There was just the sea, not shining, just the calm, dark sea, with the horizon hidden behind a fog bank. I knew the Atlantic Ocean was out there, beyond the damp, cold fog that had clouded the shore all day. I even knew that off Water Street in Newburyport, there was a barrier beach between the bay and the true ocean waves, traveling all the way from other continents to the east.
But what of the homes to my right, to the west? What if there were no shallow bay, filled with the Merrimack River’s silt? Then these houses, unremarkable except for their location, would be where the Atlantic stopped, if you can conceive of ever stopping the ocean.
Then Water Street residents would be in the same boat as Plum Island homeowners are now, if I can use such a nautical image in talking about a land-oriented problem. Perhaps I can, because after all, Plum Island is a beach, which sounds like a place made of sand, which it is.
So what are people doing living on a beach? One of my earliest memories is being carried into the Atlantic on my mother’s shoulders, at the state beach where my grandfather had driven us, probably Hammonasset in Connecticut. No one lived there. We went to the ocean’s edge to swim from our home an hour’s drive inland, just as folks have been going to Salisbury and Plum Island beaches from Lawrence and Haverhill for time out of mind.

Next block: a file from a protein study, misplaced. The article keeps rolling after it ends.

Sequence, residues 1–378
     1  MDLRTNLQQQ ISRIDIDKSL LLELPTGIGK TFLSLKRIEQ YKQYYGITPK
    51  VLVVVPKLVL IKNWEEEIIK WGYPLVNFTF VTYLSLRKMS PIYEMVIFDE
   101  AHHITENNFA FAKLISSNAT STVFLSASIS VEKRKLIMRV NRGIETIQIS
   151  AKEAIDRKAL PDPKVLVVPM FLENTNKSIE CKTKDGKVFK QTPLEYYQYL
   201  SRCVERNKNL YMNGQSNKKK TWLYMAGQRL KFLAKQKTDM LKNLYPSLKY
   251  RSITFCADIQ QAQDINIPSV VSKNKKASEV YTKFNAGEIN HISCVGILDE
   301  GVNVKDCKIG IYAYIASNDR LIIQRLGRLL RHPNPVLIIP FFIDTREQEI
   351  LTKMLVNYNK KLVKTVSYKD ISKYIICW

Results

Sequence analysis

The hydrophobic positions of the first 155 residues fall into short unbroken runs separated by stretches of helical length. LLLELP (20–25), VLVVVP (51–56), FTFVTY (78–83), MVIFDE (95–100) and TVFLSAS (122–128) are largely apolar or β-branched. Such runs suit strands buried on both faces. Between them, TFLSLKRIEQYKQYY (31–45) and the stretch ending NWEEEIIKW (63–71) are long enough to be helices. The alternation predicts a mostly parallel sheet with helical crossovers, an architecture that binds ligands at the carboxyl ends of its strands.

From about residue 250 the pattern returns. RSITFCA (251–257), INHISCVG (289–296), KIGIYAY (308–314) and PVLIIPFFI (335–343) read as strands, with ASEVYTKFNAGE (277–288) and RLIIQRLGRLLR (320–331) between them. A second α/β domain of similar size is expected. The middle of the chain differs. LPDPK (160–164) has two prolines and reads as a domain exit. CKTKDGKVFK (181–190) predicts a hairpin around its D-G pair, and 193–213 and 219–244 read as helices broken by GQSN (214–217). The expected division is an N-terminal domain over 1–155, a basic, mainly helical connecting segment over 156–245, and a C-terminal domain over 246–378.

Property owners on our beaches, Salisbury and Plum Island, are certainly confronting shifting sands and winter storms that have eroded the dunes by monitoring the sand’s movements with regular aerial photographs. Any group that is concerned about climate change and sea level rise would be proud to have enlisted the armada of local, state and federal officials or their staffs who were sitting around the room-size square of PITA Hall tables on Plum Island during a recent Merrimack River Beach Alliance meeting: harbormasters, a police chief, selectmen, former selectman, a state representative and senator, Army Corps of Engineers, Coast Guard, and representatives of another state senator and our U.S. representative, some 40 people in all, including the press and observers.